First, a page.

Can you cloth diaper on little or no budget? Yes you can!
Are cloth diapers expensive? They certainly seem so at first glance, but in the long run they are definitely cheaper than disposables. How much cheaper, is really up to you and the kind of shopper and deal finder you are.
The only reason I chose to go with cloth diapers, was the cost of disposables and the fact that I would have to continue purchasing them week after week and month after month. I couldn’t stomach the idea of spending so much money on something that was just going to be thrown out and then repurchased every week or so. Paper diapers are expensive and they are a budget commitment. The idea that someone was making a continuous flow of money because I didn’t seem to have a choice to use cloth diapers was also maddening. When I found modern cloth diapers, thanks to the recommendation of a friend, I was sold. Once I started using them, I realized that whatever the price of my cloth diapers, once I had what I needed, I was done buying them. That felt a little bit like freedom to me.
My family had a small budget for cloth diapering when we started out, but thankfully we did have a cloth diaper allowance so I was able to purchase a couple of pocket diapers every month. I checked different diaper retailers every week or so for deals, found coupons, and used rewards points to keep my prices low. When I had a stash of about 14 cloth diapers, I decided to start sewing some as well. Using old t shirts, I sewed a couple of fitted diapers for just the price of thread, velcro (and eventually snaps), and elastics. Shortly thereafter, a friend showed me how to knit wool soakers which became another nearly free way of padding my stash. Soon, I found a couple of places that gave reward points for their cloth diapers stores in exchange for blog posts, so I wrote as many as I could to earn the points I needed to purchase a couple of free diapers every few months. I found countless contests and giveaways to enter and won a few diapers that way. Finally, I found ways to review diapers for different places either on my blog or someone else’s. After everything was said and done, I was able to get about half of my cloth diaper stash for free and when my daughter potty trained at two years old, my stash was huge. Long story short, in order to manage that, cloth diapers had sort of become an obsession for me. You can still cloth diaper even if you don’t have money for the start up cost. Here are some of the ways that you can make cloth diapering even easier on a tight budget.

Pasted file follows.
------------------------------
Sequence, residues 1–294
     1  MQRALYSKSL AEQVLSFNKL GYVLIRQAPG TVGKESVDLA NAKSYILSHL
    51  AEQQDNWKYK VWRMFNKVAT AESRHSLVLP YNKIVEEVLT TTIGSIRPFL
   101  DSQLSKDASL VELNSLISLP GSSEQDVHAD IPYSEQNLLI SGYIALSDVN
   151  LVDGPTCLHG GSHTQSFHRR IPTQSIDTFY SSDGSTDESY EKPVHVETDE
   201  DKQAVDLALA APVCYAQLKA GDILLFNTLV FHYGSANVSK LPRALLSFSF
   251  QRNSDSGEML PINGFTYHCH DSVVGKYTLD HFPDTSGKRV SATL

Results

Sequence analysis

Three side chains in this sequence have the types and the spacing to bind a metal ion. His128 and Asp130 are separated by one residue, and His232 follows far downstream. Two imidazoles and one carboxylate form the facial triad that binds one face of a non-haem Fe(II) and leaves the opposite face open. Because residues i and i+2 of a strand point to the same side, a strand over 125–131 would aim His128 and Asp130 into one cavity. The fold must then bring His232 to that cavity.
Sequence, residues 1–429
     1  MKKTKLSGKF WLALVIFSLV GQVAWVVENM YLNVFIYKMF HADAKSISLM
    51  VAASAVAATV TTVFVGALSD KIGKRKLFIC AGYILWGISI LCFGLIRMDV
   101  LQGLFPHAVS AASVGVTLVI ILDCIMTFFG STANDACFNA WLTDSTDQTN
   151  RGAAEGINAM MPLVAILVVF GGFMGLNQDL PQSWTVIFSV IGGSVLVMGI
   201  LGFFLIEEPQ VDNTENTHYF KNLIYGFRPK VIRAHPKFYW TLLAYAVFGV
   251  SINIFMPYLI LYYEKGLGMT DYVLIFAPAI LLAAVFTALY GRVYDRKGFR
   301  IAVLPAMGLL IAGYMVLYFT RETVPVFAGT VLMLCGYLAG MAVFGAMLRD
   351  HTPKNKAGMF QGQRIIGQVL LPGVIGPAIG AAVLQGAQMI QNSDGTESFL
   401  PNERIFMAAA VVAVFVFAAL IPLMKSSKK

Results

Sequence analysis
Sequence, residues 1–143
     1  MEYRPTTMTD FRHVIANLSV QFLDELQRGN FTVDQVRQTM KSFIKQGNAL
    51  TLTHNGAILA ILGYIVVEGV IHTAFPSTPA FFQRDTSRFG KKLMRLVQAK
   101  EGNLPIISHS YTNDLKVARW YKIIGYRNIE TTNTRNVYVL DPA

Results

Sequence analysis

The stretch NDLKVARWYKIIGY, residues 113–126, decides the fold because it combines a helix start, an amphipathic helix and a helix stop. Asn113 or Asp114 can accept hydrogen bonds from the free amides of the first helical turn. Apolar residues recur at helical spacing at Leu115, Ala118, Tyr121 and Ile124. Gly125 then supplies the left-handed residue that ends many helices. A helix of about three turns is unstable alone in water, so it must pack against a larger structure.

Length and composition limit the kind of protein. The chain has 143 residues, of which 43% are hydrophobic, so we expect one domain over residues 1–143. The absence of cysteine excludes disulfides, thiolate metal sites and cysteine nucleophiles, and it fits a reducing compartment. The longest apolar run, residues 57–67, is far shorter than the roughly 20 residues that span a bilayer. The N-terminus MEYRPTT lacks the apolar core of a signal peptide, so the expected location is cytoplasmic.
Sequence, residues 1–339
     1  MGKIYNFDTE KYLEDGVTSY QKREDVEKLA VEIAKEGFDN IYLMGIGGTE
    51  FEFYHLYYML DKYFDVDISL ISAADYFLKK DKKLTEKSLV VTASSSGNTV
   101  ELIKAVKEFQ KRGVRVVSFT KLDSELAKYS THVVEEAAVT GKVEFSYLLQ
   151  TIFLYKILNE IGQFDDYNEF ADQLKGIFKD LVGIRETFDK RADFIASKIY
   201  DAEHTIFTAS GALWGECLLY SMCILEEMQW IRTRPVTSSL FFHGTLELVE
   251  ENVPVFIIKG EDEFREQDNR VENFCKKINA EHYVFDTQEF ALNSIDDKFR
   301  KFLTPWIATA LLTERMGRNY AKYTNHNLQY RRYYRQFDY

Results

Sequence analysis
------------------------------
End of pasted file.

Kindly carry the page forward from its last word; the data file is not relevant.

No sew T shirt diapers and wipes
I love to save old clothes that we don’t wear anymore and use them for re-purposing projects. I use this free fabric to make dresses, leggings, shorts, bibs, and fitted cloth diapers. If you have no sewing skills, you can still use your unwanted clothing as diapers. The best thing would be to use your old t shirts and receiving blankets. Simply fold them like a prefold, and use the sleeves or corners like closure tabs. Fasten with a snappi or some pins at the front and then cover. You can also do some simple cutting and make a flat diaper out of an XXL T shirt as demonstrated by Kim Rosas in this DIY t-shirt cloth diaper tutorial.
I used to buy pretty flannel and turn and top-stitch wipes for my babies until I realized, “Ain’t nobody got time for that!” Now I use those same old T shirts as fodder for cloth wipes as well as diapers. I simply cut them up into squares and stick them in my wipes container. Easy peasy.